T-Birds baseball yet to take off

The UBC Thunderbirds came into their final game of round-robin play hoping to finish on a high note Unfortunately for them, they failed to do so- finishing last after the round-robin portion of the tournament. After opening the Collegiate Baseball Classic tournament with a dominant win over the University of Tokyo, the T-Birds then fell haplessly to the Hornets of Sacramento State and completed their preliminary play with another loss. 

The University of Tokyo is the lowest-ranked team in the Tokyo Big6 baseball league, so UBC’s win- while impressive was unsurprising. Keio University, on the other hand, is the top-ranked team and have long been considered a superpower in the Japanese collegiate baseball scene. NAIA West Baseball: UBC host Tokyo University

For Keio, their tournament has gone almost perfectly. They opened with a tie against Sacramento and followed up with a victory over their local rivals. With a win against the Thunderbirds Keio would secure first place after group play, giving themselves a strong position heading into the knockout rounds. 

Unlike their terrible start against Sacramento, UBC inaugurated a quick first-inning lead, scoring a run in their first set of at-bats. Jaxon Valcke led off with a single, then stealing second before scoring on Austin Butler’s RBI. against such a powerhouse, the start was as much as the T-Birds could have wished for. Making things even better, the home side also fielded a three up-three down inning to cap off their astounding start. 

In each international game, it is interesting to see the style differences between the nations. For example, I noticed that Takahashi; Keio’s starting pitcher had a distinct pitching style, unlike any North American pitcher. His windup included a leg kick, something that is normal- but in this case, it appeared to be a two-part sequence. First was a high knee, then pause, then kick and finally a throw. To me, it is the pause which is most intriguing. There could easily be a balk call made on any of the pitches, as his routine fits in with the MLB’s ruling of what a balk is. 

The ruling reads “A balk will be called when a pitcher who is on the rubber makes any motion naturally associated with his pitching delivery and does not actually deliver the ball.” This would indicate that the pause between the first and second kick, two things not part of the distinct pitching motion would be considered a balk. However, Takahashi was never called against. 

Back to the game. Keio finally showed some signs of offence in the fourth inning- loading the bases and walking and batting in two runs all with zero outs. It was the first blip on the scoresheet for UBC starting pitcher Colin Spearing. The starter redeemed himself after his fielders got hima double play, finishing the inning with a quick strikeout to keep the ‘Birds within a single run.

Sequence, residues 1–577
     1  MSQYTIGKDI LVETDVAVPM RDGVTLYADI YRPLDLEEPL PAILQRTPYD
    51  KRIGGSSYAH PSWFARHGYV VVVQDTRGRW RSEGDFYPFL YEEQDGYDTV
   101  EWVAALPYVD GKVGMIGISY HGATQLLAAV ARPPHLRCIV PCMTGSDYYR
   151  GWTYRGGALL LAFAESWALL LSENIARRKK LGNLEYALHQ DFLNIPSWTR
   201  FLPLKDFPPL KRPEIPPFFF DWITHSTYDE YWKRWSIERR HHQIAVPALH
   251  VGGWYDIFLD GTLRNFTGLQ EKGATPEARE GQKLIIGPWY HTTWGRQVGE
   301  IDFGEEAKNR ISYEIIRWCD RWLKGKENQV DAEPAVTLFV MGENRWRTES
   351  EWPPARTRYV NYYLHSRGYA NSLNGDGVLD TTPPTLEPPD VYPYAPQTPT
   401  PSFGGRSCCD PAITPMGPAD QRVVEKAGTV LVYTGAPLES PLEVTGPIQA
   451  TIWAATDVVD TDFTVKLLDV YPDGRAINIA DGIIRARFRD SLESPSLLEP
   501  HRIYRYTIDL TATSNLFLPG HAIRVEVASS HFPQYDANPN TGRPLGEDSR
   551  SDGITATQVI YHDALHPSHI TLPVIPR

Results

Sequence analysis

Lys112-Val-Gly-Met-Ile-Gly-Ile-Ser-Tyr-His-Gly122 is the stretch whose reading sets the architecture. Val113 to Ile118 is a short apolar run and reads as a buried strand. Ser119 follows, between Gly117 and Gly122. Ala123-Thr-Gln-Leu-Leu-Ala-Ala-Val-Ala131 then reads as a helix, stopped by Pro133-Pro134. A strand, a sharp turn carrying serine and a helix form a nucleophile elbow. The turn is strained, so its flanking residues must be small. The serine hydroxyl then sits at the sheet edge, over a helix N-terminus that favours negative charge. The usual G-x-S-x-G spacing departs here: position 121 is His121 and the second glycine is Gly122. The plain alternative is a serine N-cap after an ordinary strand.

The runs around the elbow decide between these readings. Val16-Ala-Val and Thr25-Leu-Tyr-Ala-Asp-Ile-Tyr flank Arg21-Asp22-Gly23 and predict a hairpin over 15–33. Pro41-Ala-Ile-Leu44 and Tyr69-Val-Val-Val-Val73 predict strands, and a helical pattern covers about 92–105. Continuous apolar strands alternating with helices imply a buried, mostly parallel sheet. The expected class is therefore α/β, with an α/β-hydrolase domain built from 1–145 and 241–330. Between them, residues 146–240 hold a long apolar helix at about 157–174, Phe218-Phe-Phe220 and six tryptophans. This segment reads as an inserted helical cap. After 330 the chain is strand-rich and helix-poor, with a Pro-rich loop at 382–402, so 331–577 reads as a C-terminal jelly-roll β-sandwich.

The home-sides rebound was closest in the top of the sixth, with Vulcano reaching second base and Valcke on first with only one out on the board. Valcke reached base after getting hit by a pitch, forcing Y.Takahashi out of the game after 5.2 innings, in favour of R.Takahashi. While the two share a name, there is no relation between them. Y. Takashai finished with nine strikeouts, a good haul against a formidable set of UBC bats. Keio was able to strand both runners, getting out of the inning cleanly. 

Following their close call of defence, Keio added a third run to their total, giving themselves a buffer heading into the later innings against UBC. The third run spelled the end for Colin Spearing, who made way for Barry Cainn in the sixth. Spearing had a very strong showing in his first appearance of the tournament. Although he surrendered a trifecta of runs, he finished his day with five strikeouts, a total which is to be respected.


UBC was unable to solve the Keio relieving arms, finishing the round robin portion with a 1-2 record. While the game against Tokyo got the T-birds started off on the right foot, it was clear that their morale was effected in the hapless loss to Sacramento. Keio, being the powerhouse that they are proved another strong test for UBC, and yet another test who were one step too good for the Thunderbirds to handle. 

Looking ahead to the knockout rounds, UBC now prepares to take on North American players from Sacramento once again as the lowest seed in the tournament. Meanwhile the two Japanese schools will face off in an all Tokyo semi-final.

Friday is an off-day for all involved, as the visiting sides will get to experience the attractions which Vancouver has to offer. The baseball action returns to UBC on Saturday, with the Finals and consolation game taking place Sunday afternoon.


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